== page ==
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Addressing the Affective Domain: What Neuroscience Says About Social/Emotional Development in Early Childhood

  • William A. MosierEmail author
Chapter
Part of the Educating the Young Child book series (EDYC, volume 7)

Abstract

Research in neurobiology clarifies the extent to which the interaction between genetics and early experience shapes brain architecture that impacts mental health. The affective domain and emotional development often receive less recognition as a core capacity emerging during early childhood than the cognitive domain. However, the foundations for social competence are developed from early childhood experiences linked to a child’s emotional relationships with caregivers. A review of the neuroscience literature provides a consensus of what a young child needs to experience in the first three years of life in order to achieve optimal social and emotional development for supporting learning.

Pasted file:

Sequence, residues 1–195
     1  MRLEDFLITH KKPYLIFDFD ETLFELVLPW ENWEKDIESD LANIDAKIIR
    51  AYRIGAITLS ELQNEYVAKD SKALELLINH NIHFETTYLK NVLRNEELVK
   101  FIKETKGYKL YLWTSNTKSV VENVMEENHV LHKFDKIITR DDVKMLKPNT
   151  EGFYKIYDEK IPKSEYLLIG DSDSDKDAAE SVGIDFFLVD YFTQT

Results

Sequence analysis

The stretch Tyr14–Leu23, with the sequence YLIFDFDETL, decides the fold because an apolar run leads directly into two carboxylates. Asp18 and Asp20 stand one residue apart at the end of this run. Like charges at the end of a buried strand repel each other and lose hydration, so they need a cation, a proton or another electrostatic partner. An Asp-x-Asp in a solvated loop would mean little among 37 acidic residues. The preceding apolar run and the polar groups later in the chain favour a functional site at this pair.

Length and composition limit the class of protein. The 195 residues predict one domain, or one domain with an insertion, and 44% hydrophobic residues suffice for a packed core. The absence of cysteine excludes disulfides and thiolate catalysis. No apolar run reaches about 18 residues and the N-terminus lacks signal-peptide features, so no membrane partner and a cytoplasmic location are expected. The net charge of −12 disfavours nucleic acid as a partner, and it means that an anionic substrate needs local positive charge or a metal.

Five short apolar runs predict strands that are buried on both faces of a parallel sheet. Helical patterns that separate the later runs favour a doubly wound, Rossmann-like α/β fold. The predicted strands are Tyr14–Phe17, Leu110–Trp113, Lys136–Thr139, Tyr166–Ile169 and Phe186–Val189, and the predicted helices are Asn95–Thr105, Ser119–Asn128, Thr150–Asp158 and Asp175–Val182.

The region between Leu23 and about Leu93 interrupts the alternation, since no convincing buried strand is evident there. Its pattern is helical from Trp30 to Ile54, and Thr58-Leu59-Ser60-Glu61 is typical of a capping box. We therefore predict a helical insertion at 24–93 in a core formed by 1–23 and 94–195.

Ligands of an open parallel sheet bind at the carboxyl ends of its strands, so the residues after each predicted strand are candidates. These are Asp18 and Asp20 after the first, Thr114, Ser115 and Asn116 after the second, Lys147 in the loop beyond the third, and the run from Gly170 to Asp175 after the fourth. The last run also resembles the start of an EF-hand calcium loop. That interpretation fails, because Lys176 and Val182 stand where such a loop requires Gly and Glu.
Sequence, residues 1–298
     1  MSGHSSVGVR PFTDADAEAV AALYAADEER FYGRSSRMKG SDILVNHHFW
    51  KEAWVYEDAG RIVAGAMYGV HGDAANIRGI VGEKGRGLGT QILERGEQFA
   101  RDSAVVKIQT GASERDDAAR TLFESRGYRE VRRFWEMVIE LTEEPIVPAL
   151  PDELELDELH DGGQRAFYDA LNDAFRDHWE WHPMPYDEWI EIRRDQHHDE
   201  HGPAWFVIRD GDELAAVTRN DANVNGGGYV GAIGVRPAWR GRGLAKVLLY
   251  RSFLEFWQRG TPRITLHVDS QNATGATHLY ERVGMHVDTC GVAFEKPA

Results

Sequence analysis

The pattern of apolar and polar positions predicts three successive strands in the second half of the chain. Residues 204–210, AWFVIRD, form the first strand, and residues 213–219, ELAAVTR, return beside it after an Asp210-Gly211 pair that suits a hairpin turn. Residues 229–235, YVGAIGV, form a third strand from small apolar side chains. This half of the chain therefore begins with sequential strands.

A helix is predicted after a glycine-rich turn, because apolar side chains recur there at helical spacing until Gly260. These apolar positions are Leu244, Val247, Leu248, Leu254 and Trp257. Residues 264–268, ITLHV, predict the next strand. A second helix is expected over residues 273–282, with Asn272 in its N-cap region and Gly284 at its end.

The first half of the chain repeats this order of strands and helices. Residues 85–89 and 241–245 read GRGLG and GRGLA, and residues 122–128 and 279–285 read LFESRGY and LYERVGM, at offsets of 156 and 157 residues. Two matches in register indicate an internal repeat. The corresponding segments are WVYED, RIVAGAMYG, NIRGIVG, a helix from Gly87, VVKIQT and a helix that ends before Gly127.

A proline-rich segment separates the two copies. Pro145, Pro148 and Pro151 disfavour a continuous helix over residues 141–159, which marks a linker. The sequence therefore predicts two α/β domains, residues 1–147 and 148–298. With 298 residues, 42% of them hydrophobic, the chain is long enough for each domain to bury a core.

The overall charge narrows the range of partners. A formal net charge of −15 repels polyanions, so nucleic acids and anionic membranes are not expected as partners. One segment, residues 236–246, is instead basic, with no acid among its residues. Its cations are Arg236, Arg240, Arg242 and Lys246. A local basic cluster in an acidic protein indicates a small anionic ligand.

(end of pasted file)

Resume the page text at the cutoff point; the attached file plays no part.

Keywords

Young Child Early Childhood Emotional Regulation Brain Development Social Competence 
These keywords were added by machine and not by the authors. This process is experimental and the keywords may be updated as the learning algorithm improves.

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Copyright information

© Springer Science+Business Media Dordrecht 2013

Authors and Affiliations

  1. 1.College of Education and Human ServicesWright State UniversityDaytonUSA

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